As the first frost date approaches, producers often have concerns about the risk of prussic acid poisoning in livestock. Certain forage plants, especially sorghums and related species are associated with an increased risk of death loss because of prussic acid poisoning.
2019 has been a year fraught with challenges for ranchers across South Dakota. Abundant precipitation is usually a blessing, however, wet conditions coupled with a cool spring followed by warmer temperatures has caused another problem across the rangelands of South Dakota: ergot poisoning.
Poor-quality water will cause an animal to drink less. As a result, they also consume less forage and feed, which leads to weight loss, decreased milk production and lower fertility.
In South Dakota the Department of Agriculture Feed & Animal Remedy Program is the agency that oversees the manufacturing, licensing and labeling of animal feeds and remedies. Local foods producers interested in selling pet foods or pet treats need to be in compliance with this program.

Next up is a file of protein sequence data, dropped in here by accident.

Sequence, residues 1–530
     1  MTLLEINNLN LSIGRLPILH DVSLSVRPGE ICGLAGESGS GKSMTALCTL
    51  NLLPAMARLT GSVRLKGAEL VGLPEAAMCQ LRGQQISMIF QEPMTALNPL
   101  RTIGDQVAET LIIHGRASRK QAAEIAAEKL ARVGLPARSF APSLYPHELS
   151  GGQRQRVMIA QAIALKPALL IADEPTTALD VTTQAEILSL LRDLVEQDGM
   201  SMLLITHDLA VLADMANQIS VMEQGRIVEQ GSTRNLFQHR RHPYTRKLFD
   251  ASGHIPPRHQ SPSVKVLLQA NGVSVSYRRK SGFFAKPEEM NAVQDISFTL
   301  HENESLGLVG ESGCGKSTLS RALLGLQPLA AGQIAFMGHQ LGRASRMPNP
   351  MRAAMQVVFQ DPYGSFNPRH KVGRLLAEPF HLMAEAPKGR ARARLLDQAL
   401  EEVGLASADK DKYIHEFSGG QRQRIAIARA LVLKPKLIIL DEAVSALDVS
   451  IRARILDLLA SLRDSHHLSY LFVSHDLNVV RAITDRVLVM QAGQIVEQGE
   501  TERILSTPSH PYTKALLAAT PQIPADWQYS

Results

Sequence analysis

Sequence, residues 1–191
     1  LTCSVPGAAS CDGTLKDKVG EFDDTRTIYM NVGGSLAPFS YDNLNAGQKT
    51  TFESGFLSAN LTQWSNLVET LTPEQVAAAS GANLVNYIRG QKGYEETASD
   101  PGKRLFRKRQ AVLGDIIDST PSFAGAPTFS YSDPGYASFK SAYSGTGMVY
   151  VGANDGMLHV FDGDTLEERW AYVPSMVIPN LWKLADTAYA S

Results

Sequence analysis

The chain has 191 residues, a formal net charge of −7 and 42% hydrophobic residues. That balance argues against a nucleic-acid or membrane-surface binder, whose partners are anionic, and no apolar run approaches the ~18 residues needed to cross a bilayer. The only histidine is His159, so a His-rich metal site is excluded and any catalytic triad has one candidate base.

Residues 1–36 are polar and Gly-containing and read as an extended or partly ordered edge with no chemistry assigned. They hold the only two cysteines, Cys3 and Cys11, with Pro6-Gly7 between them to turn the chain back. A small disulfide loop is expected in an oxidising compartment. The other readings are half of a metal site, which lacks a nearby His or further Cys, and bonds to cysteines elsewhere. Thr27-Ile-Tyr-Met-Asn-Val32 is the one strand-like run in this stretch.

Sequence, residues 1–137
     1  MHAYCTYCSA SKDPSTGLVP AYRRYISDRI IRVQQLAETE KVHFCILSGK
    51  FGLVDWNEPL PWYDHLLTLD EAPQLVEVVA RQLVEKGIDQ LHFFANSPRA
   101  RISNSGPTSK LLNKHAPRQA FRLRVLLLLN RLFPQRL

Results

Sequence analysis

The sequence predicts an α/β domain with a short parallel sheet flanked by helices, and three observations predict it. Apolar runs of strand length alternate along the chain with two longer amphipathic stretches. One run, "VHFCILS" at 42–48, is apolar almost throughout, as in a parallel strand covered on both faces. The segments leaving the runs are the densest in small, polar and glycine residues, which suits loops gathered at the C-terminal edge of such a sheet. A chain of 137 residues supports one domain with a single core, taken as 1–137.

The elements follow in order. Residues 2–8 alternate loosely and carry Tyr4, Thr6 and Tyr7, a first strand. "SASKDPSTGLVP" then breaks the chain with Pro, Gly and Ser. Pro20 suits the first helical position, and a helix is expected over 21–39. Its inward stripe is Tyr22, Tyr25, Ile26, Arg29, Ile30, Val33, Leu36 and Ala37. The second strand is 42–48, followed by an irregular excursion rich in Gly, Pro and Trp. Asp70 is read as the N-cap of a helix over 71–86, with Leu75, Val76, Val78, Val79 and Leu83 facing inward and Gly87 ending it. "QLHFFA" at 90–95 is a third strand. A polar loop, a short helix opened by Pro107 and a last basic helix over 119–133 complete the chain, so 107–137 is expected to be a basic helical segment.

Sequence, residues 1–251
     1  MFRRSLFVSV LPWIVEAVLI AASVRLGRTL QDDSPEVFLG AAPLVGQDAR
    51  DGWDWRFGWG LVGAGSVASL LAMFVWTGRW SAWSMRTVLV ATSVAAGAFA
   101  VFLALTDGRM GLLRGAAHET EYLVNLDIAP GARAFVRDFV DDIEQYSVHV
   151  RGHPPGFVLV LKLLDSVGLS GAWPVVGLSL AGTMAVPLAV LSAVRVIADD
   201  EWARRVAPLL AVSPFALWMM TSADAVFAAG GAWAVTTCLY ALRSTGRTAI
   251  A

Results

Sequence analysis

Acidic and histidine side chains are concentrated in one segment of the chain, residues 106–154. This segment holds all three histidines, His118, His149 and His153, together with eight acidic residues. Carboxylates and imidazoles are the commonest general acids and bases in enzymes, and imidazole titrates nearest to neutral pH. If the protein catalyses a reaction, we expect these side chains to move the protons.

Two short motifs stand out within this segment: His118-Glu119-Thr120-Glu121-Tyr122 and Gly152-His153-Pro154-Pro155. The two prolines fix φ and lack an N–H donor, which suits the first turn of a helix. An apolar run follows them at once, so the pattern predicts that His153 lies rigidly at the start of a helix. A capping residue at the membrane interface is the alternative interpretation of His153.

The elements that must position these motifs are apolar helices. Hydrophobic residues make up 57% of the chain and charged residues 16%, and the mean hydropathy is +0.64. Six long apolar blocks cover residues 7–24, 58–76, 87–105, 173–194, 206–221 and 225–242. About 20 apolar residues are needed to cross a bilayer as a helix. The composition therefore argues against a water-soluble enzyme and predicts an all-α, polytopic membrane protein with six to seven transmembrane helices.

One proposed way to cut fall/winter feeding costs is to extend the grazing season and allow the livestock to harvest the resource instead of relying on mechanical harvest.
Prussic acid issues with reed canary grass are poorly understood and may go unrecognized if they occur.
This article summarizes findings related to dung beetle ecology and how dung beetles advance the breakdown of dung pats.
South Dakota researchers have taken a closer look at the function of dung beetles in Eastern South Dakota over the last few years. This article summarizes findings related to management of livestock grazing and chemical pesticides in relation to dung beetle and insect community health.
Smooth bromegrass is a cool-season introduced grass with an advanced root system that tolerates temperature extremes and drought exceptionally well.
Grazing land occupies 54% of rural land and accounts for a key portion of land use in South Dakota. Many grassland problems can be avoided by using efficient grazing management practices.